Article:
There are fewer questions from a regulatory perspective. We know how to eradicate this pest—cut down the trees and destroy the material. However, the environment in which this A. glabripennis infestation is established in South Carolina presents unique challenges, most notably the many swampy or perpetually wet areas in which red maples (the preferred host) grow. We will be evaluating new methods for beetle control starting this spring, so stay tuned for those results!

Asian longhorned beetle map

The U.S. Department of Agriculture’s Animal and Plant Health Inspection Service manages the national program to monitor for and control the invasive Asian longhorned beetle (Anoplophora glabripennis). This map shows known infestations of the beetle in the United States, as of December 20, 2020. As of August 2020, four states had areas regulated for ALB with active infestations. (Image originally published in Coyle et al 2021, Journal of Integrated Pest Management)

As exciting as this infestation is from a research perspective, it still means that either infested wood material was moved from within the U.S., or that contaminated solid wood packaging material arrived at one of the local ports (Charleston, South Carolina, or Savannah, Georgia). As much effort as goes into local and national educational programs such as the Don’t Move Firewood program, the movement of contaminated material is still an issue. Personally, I strongly suspect that this infestation came from infested firewood brought down from the Ohio population. We’ll likely never be able to definitively prove this, but all the signs (in my opinion) point to this as the source. So please, don’t move firewood, folks, because careful stewardship of our natural lands is essential in preventing the next invasive species outbreak.

David Coyle, Ph.D., is an assistant professor in the Department of Forestry and Environmental Conservation at Clemson University. Twitter: @drdavecoyle. Email: dcoyle@clemson.edu.

3 Comments »

  1. I saw one of these many many years ago when my husband and I were driving back home to Texas from Louisiana. We were very close to the Texas border when I looked over at my husband, who was driving and noticed a very large beetle, with very long antennae on his shoulder. I don’t know where it came from. It just sort of appeared there out of no where. Not knowing where it bites or not (but still intrigued by it’s size & markings), I carefully managed to get it to walk into a piece of paper (hoping it wouldn’t start flying, which I wasn’t sure if it had wings or not), took a few pictures of it & kind of just let it chill until we were able to set it free at a rest stop.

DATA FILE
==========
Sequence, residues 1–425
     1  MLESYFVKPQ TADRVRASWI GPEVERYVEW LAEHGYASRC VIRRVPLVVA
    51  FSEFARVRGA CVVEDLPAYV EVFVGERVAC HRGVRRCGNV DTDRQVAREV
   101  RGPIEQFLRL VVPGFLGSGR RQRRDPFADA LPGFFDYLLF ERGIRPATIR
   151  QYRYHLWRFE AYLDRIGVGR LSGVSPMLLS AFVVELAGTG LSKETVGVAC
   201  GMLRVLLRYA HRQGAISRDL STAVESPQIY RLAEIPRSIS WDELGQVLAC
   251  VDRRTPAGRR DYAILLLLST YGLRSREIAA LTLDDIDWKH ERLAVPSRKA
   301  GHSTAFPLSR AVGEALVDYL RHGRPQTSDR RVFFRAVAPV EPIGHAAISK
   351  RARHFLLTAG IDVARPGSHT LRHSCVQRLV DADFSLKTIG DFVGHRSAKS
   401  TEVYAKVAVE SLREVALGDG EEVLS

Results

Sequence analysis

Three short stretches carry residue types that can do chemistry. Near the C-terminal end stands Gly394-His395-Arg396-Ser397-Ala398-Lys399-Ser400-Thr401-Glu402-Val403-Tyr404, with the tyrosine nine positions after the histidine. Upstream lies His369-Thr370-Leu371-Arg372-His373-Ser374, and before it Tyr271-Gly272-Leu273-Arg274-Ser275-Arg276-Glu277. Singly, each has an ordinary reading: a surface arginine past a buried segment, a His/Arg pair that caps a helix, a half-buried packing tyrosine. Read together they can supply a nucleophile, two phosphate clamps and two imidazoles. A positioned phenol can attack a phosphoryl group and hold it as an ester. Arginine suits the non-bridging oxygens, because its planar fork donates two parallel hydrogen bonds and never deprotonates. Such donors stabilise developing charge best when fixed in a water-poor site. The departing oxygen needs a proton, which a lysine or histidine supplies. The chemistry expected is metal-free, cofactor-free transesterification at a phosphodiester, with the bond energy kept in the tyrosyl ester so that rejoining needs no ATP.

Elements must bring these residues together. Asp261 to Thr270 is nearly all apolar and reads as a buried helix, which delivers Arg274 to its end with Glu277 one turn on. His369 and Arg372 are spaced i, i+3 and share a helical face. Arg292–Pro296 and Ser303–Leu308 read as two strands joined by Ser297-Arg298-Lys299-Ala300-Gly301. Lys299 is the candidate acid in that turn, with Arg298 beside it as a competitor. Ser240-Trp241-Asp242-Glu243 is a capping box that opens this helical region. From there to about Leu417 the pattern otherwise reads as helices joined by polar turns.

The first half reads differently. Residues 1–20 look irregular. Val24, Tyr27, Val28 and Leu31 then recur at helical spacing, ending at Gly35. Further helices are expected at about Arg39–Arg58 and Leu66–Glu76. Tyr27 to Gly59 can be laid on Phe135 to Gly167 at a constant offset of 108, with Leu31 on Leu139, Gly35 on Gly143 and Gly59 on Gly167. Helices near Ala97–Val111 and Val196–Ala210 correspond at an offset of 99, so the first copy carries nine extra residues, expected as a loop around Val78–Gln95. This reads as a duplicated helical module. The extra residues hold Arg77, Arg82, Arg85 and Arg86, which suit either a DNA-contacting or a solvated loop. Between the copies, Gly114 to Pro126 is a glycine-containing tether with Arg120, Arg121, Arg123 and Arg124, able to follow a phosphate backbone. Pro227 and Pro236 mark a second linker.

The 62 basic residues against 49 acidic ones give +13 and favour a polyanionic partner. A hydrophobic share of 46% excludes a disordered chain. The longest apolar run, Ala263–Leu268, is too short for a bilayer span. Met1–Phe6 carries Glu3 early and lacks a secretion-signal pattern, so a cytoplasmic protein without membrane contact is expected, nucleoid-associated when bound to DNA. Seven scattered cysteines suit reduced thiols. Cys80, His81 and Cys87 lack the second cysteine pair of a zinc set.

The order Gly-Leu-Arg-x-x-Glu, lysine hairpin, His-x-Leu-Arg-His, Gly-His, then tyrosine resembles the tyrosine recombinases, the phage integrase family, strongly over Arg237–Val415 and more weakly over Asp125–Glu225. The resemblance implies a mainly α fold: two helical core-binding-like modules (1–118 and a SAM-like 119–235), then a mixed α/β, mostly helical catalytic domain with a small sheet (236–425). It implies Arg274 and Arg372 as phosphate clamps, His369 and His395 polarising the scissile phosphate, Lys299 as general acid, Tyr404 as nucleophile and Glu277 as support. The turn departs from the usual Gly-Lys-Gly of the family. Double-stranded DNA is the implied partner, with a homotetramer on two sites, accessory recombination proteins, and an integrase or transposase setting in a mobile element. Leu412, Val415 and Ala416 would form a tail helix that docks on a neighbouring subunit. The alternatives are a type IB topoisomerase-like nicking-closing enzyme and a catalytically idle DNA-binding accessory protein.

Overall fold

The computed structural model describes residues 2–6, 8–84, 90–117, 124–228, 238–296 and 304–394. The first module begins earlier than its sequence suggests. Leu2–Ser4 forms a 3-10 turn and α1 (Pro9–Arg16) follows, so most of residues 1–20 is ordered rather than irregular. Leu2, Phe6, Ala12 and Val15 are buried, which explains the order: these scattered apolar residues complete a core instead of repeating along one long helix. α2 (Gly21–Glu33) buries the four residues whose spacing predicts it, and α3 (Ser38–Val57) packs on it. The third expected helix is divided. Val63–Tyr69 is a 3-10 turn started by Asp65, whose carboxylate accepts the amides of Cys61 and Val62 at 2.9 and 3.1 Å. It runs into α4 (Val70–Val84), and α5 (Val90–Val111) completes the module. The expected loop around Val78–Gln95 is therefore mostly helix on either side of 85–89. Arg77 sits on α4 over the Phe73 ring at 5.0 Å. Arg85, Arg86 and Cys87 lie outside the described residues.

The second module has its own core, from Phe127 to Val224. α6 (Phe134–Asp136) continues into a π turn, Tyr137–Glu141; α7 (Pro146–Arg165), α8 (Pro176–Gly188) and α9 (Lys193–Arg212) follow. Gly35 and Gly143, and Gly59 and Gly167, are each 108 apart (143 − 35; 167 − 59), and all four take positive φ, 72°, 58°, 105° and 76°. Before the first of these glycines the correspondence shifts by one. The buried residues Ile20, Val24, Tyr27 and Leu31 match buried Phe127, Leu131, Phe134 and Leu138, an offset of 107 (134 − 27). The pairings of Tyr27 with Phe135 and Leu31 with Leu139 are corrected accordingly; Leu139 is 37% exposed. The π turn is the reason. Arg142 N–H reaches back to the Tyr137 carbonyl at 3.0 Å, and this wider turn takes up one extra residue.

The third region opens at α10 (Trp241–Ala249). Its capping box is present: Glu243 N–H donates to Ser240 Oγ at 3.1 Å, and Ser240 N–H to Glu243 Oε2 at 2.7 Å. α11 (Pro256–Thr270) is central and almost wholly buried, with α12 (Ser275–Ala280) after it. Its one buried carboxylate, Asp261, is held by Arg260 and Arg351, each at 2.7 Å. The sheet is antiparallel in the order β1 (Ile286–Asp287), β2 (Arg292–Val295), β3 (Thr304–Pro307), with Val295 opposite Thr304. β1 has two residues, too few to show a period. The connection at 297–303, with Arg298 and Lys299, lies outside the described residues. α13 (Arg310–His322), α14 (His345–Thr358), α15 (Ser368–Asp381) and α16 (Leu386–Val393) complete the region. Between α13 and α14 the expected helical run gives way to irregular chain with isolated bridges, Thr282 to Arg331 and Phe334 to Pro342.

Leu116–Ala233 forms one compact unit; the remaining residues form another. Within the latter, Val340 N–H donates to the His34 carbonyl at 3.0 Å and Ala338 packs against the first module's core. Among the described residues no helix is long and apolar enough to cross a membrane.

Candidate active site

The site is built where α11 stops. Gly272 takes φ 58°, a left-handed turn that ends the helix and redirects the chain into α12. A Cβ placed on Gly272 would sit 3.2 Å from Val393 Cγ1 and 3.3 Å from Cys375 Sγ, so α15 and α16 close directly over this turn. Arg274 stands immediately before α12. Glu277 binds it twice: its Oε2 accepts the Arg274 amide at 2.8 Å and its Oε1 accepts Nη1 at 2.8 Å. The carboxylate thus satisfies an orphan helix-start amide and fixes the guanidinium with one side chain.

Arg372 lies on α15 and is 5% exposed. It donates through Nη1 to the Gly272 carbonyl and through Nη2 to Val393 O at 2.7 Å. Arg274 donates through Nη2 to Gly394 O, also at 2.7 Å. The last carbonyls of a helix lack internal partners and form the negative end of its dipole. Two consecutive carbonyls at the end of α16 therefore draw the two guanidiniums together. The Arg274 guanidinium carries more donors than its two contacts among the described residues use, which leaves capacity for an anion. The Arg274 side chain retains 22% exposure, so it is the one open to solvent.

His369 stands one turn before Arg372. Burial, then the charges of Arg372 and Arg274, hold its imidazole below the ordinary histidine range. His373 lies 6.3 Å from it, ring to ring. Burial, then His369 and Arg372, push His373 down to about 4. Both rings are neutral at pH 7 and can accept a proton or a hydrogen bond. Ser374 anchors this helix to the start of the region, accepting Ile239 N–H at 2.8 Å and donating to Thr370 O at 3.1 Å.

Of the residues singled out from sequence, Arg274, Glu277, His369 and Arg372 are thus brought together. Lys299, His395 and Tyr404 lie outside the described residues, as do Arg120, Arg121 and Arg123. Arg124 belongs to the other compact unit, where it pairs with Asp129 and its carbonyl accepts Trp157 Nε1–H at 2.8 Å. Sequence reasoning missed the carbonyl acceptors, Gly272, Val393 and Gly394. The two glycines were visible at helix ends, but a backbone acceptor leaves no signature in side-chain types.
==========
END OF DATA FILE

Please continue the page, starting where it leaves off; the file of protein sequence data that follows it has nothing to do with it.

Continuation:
When I was a child, my family & I used to vacation in Cozumel once a year & I remember at the end of my trip every year before heading back home, my dad used to buy me a couple of live beetles that had jewels glued to their backs. They were huge, like this beetle in the article & on my husband’s shoulder, but not as pretty in appearance. These were more brown. They ate wood, & the seller told us to make sure we never set them free as they can devastate forests. To get them home we just let them hang on our shirts like a broach & they would get past airport security no problem (we put them in our bag one year and they were confiscated). Mine never lived very long. I fed them wet wood as directed, but they would always die about a month later. I wonder if those beetles are related to the one in the article.

  2. Exciting? Are you serious? I love in an area where they infested nearly 10 years ago and they are still doing regular tree checks. It decimated our parks and some of our oldest most gorgeous trees were lost, but no I’m glad you get to “study them”